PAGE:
As of today there have been approximately 600 people with MS treated worldwide with HSCT. So uncovering stories of unsuccessful HSCT treatment may be hard to come by. The good news is that the phase II and phase III clinical trials here in the US have shown virtually every single person to benefit from the treatment. Very compelling evidence that no other treatment can offer today.

http://themscure.blogspot.com/2010/06/s ... rence.html

Last note. . . is it worth it to seek (and pay for expensive) HSCT treatment to cure one's MS? That's definitely something that can only be answered by each individual but I would think it a strong piece of the decision factor as to what stage the existing disease is in.

Very best regards,

George
User avatar
georgegoss
Family Elder
 
Posts: 283
Joined: Sat Oct 30, 2010 3:00 pm
Location: California

Postby CVfactor » Mon Jun 13, 2011 4:55 pm

I wanted to say that the HSCT treatment seems like a very logical approach. I believe that probably what happens in this procedure is that defective regrulatory T-cells are eliminated from the body which restores self-tolerance.

There is a lot of research being done on regulatory T-cells in auto-immune diseases, but the work is not as far along as HSCT appears to be.

But to me these approaches seem to be related which is the restoration of self tolerance.

If you haven't seen the posts I have submitted, here is a good overview of what regulatory T-cells (tregs) are:

http://www.ncbi.nlm.nih.gov/pmc/articles/PMC2565852/

And here is a company that is developing T-reg cell therapy for various auto-immune diseases:

http://www.txcell.com/index.php?option=com_content&task=view&id=60&Itemid=115

And here is more information I have already provided in another forum:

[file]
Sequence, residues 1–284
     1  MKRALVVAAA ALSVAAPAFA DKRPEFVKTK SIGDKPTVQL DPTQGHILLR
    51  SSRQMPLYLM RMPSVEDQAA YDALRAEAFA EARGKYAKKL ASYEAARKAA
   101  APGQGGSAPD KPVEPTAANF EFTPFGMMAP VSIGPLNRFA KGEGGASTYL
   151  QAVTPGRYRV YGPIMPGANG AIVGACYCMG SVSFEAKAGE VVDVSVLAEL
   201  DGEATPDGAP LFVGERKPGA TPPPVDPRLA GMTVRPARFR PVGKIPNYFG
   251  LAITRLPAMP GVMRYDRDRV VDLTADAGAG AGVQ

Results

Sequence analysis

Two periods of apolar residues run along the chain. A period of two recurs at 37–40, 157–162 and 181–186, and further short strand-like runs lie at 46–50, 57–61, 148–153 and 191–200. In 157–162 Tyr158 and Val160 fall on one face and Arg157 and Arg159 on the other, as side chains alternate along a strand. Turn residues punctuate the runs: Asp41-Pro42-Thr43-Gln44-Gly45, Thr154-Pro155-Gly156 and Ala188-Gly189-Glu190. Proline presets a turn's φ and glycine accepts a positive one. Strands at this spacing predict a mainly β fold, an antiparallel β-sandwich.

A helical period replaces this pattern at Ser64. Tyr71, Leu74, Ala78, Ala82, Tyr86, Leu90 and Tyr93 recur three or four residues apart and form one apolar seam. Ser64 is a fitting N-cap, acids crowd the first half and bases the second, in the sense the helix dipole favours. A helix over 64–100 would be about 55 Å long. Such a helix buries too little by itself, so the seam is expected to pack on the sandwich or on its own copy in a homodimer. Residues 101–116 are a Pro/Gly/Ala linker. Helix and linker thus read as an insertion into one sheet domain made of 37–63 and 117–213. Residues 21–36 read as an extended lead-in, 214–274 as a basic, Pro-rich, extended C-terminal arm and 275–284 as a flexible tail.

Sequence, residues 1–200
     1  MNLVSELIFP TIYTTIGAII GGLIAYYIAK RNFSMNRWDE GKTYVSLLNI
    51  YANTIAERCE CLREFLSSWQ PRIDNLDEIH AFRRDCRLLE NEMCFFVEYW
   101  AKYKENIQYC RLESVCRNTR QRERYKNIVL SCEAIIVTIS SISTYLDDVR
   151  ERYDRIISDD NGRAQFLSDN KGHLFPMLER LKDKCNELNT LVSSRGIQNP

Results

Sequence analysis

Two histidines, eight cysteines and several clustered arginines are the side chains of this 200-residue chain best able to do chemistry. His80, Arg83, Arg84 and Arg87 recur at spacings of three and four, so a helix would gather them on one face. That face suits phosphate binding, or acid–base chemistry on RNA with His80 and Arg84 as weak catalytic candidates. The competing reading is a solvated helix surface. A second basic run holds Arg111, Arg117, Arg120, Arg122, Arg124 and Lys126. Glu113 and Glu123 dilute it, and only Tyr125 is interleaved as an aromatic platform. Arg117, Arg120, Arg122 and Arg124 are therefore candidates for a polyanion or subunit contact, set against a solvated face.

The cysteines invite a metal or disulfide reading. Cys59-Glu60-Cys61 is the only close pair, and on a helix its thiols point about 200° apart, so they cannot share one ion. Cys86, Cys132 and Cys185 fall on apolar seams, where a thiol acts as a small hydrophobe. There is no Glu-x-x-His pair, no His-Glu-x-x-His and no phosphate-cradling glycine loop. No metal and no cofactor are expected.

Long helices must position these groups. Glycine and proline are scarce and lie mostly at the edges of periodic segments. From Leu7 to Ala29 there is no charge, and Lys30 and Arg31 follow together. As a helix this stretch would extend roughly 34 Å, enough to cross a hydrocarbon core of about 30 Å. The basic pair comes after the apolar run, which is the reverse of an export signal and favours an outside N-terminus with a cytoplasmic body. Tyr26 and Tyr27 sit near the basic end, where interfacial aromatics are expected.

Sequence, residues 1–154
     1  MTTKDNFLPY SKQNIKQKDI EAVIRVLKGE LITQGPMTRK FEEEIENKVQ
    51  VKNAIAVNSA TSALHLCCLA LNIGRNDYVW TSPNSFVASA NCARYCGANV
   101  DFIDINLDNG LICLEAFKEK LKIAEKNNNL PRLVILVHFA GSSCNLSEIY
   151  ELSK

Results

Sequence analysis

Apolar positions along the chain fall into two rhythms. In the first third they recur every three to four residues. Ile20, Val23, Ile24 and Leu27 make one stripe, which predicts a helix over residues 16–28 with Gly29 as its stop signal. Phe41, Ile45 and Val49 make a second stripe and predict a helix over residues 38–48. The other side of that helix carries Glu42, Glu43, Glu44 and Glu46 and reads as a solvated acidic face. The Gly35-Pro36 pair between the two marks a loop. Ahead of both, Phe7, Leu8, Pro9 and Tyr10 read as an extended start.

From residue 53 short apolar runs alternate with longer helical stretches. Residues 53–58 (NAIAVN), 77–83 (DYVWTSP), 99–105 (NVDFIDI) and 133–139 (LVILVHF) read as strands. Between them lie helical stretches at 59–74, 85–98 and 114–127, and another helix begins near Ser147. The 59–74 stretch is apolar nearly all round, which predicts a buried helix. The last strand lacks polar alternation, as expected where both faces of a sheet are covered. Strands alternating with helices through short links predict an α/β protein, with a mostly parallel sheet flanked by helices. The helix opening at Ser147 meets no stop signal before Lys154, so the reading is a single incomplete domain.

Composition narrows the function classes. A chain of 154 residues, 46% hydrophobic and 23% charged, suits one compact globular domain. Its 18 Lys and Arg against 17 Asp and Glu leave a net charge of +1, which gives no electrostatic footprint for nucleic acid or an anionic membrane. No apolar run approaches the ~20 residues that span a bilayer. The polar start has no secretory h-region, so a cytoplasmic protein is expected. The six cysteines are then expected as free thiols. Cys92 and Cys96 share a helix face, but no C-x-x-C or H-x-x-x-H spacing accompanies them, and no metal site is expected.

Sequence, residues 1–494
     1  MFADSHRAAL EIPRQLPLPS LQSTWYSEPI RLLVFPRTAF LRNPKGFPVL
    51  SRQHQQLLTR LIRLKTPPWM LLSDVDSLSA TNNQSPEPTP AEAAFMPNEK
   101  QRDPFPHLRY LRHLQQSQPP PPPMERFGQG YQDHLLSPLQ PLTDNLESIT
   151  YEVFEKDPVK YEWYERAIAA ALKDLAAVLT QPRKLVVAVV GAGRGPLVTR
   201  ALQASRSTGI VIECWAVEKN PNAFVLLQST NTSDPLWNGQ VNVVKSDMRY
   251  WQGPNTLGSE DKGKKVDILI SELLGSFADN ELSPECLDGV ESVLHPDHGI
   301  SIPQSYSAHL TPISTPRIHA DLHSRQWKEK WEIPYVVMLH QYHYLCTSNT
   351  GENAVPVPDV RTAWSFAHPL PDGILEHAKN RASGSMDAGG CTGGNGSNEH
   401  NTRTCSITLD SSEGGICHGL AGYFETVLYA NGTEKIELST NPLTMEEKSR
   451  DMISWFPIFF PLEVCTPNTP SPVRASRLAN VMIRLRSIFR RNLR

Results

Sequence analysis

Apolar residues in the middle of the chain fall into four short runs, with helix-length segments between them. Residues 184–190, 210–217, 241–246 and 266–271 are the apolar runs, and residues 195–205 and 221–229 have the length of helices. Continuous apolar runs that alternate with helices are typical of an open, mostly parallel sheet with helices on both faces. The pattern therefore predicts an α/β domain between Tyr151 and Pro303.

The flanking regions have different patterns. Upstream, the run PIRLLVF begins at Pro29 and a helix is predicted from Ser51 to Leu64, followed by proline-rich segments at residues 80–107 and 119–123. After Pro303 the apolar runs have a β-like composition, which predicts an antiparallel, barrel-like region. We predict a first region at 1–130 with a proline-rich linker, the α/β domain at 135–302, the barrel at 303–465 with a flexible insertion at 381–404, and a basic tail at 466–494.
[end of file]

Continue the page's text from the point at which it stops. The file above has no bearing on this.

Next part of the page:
http://www.thisisms.com/ftopic-15479-days0-orderasc-0.html

I would think it is important that anyone who has gone through HSCT to maintain a healthy Vitamin D level as this seems to be link to regulatory T-cell function.

Thanks,

Mark
User avatar
CVfactor
Family Elder
 
Posts: 247
Joined: Sun Jan 16, 2011 4:00 pm

Postby shucks » Mon Jun 13, 2011 5:17 pm

I have worked construction my entire life outside until I became a lawyer 3 years ago. I should have od'd on vitamin d years ago, but now have MS.
"A gun is a tool, Marian; no better or no worse than any other tool: an axe, a shovel or anything. A gun is as good or as bad as the man using it. Remember that." -- Shane

Who is John Galt?
User avatar
shucks
Family Elder
 
Posts: 187
Joined: Fri May 06, 2011 3:00 pm

Postby CVfactor » Thu Jun 16, 2011 7:31 am

Note that just because you are out in the sun does not necessarily guarantee that you are not deficient in vitamin D.

In my case I spent a lot of time in the sun because I was an avid golfer. Yet when I was struck with ADEM (considered as an acute form of MS) in September of 2009, I was found to be deficient in D. So it is best to monitor your D level with blood tests.
User avatar
CVfactor
Family Elder
 
Posts: 247
Joined: Sun Jan 16, 2011 4:00 pm


Return to Stem Cells

 


  • Related topics
    Replies
    Views
    Last post

Who is online

Users browsing this forum: No registered users

cron